Fuel stations close as pump sales drop amid shrinking profits and high business costs

A pump attendant fuels a car in Nairobi. [Elvis Ogina, Standard]

The likelihood that fuel costs could go higher is squeezing motorists more at a time when they are grappling with the high cost of the commodity.

On Monday, Energy Cabinet Secretary Davis Chirchir hinted that the cost could go up to Sh300 per litre due to the Israel-Hamas war.

Small oil dealers are feeling the pinch and some of them are being driven out of a business they have run for years.

In Kakamega town, some petrol stations have closed down due to declining sales. Fralet Petrol station at Lurambi is now an empty shell.

“Under President Mwai Kibaki, independent oil dealers were given authority and the leeway to run their businesses in a profitable way,” Francis Lutta, the proprietor says. “At the time, we used to make between Sh5 and Sh7 profit per litre.”

Lutta says things took a turn for the worse under the Kenya Kwanza administration following increased taxation and withdrawal of subsidies on petroleum products. However, he says the decline in profitability began in 2013.

“The cost of fuel for wholesale is liberalised, yet the price for retailers is controlled by the government. Under such an arrangement, the much we can make from selling a litre of fuel is Sh1. That is unsustainable considering that the cost of power has also gone up. Paying rent, power and workers has therefore become impossible.”

Barely 100 metres away, Evolving Petrol Station is also closed. Vincent Lihondo, the manager, said they have remained closed for about six months.

“The cost of fuel and low demand have driven us out of business. Besides, the exorbitant licence fee by EPRA also makes it hard to compete. We had another branch at Sichirai that is also closed,” adds Lihondo.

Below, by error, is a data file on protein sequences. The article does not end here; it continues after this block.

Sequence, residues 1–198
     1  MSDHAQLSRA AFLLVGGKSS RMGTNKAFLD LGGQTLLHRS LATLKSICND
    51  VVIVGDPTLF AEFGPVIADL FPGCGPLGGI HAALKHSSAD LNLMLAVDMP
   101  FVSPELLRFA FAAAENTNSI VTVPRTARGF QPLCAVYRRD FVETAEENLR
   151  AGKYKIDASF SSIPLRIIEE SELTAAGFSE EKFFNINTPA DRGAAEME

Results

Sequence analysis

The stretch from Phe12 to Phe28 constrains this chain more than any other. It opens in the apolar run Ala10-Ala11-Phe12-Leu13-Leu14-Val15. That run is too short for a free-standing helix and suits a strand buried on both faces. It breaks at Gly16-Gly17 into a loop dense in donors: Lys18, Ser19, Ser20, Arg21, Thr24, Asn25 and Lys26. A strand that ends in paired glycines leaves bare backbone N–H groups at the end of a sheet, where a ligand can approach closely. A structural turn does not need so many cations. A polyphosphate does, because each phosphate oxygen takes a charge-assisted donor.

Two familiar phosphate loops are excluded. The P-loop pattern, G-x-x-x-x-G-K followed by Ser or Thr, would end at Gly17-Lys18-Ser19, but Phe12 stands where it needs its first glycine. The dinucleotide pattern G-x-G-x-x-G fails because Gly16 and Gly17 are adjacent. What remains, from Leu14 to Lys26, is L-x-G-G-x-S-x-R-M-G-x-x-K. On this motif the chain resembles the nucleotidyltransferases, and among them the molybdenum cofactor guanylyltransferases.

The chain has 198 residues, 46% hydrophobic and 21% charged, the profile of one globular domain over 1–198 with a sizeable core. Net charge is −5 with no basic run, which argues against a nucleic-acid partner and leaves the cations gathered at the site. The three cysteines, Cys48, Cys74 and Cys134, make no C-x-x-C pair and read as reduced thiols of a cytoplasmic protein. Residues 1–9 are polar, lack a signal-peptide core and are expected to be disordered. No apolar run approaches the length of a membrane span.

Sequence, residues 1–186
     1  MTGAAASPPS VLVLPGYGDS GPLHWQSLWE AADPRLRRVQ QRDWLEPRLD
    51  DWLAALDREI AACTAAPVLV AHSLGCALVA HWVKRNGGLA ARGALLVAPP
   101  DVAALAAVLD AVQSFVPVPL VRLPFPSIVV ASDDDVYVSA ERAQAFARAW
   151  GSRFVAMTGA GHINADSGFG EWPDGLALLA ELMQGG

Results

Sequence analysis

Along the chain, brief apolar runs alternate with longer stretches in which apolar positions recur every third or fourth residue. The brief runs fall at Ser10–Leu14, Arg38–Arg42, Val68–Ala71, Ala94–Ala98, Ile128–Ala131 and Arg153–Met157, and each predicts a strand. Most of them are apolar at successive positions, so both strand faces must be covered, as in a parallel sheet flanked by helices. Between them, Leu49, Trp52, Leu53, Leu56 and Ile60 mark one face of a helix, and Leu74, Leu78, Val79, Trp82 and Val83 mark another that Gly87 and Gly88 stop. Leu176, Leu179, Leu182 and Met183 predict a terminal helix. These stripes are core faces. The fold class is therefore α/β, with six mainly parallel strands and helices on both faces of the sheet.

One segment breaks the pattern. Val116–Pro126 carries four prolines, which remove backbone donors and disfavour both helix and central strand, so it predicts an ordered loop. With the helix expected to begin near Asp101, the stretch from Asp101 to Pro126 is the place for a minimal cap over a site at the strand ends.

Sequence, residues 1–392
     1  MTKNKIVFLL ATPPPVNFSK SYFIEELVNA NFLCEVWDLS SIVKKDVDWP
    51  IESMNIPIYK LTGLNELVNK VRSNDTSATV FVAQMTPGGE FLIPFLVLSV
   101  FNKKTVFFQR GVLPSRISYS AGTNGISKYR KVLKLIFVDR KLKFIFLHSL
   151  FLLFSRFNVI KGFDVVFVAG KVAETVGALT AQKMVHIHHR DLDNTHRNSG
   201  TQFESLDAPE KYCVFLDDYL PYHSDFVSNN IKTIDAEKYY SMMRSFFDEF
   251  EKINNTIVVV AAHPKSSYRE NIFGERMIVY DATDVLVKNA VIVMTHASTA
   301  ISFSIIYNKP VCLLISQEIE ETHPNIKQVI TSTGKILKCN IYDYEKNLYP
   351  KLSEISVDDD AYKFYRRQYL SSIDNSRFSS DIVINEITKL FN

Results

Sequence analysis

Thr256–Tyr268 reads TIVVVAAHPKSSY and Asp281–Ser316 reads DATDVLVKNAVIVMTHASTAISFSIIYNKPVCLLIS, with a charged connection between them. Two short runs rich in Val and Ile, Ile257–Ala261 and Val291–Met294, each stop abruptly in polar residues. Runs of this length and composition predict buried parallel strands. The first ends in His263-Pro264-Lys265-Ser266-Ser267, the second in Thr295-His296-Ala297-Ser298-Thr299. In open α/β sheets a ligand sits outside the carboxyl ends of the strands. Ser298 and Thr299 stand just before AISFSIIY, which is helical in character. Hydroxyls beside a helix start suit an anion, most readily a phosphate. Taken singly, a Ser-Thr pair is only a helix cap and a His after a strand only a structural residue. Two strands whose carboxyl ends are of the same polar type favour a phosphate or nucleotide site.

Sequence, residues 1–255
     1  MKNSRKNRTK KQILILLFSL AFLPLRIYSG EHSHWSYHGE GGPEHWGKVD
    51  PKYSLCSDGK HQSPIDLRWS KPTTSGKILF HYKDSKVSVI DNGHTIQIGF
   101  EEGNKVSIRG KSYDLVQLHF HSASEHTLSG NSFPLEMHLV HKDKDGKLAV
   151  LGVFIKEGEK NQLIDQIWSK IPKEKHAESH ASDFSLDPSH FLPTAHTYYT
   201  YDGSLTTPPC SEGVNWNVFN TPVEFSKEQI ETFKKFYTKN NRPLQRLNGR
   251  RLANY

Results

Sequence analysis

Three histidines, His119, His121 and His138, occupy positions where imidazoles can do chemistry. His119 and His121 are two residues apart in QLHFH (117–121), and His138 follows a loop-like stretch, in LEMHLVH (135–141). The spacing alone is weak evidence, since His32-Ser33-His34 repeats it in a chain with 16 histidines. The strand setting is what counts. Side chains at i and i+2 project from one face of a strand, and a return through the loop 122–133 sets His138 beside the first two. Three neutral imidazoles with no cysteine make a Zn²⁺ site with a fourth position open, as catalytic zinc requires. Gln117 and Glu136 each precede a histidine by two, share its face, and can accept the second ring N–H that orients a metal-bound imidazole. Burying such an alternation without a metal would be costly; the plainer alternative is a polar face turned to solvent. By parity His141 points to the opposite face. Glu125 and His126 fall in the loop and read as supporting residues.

At Lubao market, the Lubao Filling Station has not been operating for the last six months due to unsustainable operational costs. Many single-pump stations have also run out of business in Sichirai market.

The situation is the same across Western counties where small petrol dealers have closed.

Lihondo and Lutta said the oil industry is in the clutches of cartels, which makes it hard for small independent dealers to compete.

A week ago, President Yoweri Museveni of Uganda said his country would no longer buy fuel from Kenyan companies, citing inflated costs that he blamed on cartels.

“Small dealers find it hard to secure fuel at the pipeline. We are asked to register with big companies before we are supplied with fuel,” said Lihondo.

“Multinationals buy the fuel and supply to their stations before considering the small traders. This is unfair especially because we are forced to buy the fuel from multinationals at pump prices. That is why we cannot make any profit hence, have been forced to fold up our businesses.”

George Alulu, a boda boda rider in Kakamega town, said their business is dying. “Even though a litre of petrol is over Sh220, customers still insist on paying Sh50 for short distances. From a profit of Sh1,000 daily last year, I barely make Sh500 on a good day. Fewer people now use boda boda.”

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